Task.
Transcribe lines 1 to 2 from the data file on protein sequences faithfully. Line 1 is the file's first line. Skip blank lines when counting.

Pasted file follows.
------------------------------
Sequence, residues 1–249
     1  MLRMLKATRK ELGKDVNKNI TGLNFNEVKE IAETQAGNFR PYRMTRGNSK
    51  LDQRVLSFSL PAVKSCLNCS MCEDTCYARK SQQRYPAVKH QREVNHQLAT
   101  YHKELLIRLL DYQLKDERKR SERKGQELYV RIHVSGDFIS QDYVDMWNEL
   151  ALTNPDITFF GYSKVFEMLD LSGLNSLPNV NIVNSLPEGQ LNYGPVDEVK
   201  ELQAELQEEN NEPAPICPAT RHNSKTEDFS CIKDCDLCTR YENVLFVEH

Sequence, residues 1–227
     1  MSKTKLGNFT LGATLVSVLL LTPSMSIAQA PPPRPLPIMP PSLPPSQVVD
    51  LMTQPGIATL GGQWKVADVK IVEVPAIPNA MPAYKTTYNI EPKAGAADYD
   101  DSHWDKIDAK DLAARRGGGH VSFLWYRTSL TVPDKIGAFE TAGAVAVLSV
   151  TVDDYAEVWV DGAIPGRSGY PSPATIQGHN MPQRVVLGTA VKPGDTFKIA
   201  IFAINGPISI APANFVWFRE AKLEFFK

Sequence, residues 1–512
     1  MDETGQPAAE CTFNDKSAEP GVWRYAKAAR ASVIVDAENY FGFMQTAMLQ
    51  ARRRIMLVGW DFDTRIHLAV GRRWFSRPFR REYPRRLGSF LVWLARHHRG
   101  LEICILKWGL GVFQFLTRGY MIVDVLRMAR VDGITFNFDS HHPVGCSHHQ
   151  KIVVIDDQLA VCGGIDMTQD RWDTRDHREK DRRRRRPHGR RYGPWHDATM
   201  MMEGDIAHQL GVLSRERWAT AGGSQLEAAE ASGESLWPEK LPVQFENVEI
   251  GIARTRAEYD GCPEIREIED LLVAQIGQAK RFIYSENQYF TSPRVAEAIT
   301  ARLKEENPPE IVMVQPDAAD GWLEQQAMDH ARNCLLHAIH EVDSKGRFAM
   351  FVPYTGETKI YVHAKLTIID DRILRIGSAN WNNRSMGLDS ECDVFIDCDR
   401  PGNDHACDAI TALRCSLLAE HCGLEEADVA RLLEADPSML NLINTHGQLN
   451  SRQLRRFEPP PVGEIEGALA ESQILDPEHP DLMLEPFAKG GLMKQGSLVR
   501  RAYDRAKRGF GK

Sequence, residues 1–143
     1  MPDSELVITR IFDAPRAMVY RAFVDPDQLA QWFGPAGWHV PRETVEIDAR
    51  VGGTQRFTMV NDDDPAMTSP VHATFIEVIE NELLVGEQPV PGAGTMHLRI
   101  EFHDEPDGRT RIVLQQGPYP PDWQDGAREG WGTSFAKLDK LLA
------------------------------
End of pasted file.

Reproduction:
Sequence, residues 1–249
     1  MLRMLKATRK ELGKDVNKNI TGLNFNEVKE IAETQAGNFR PYRMTRGNSK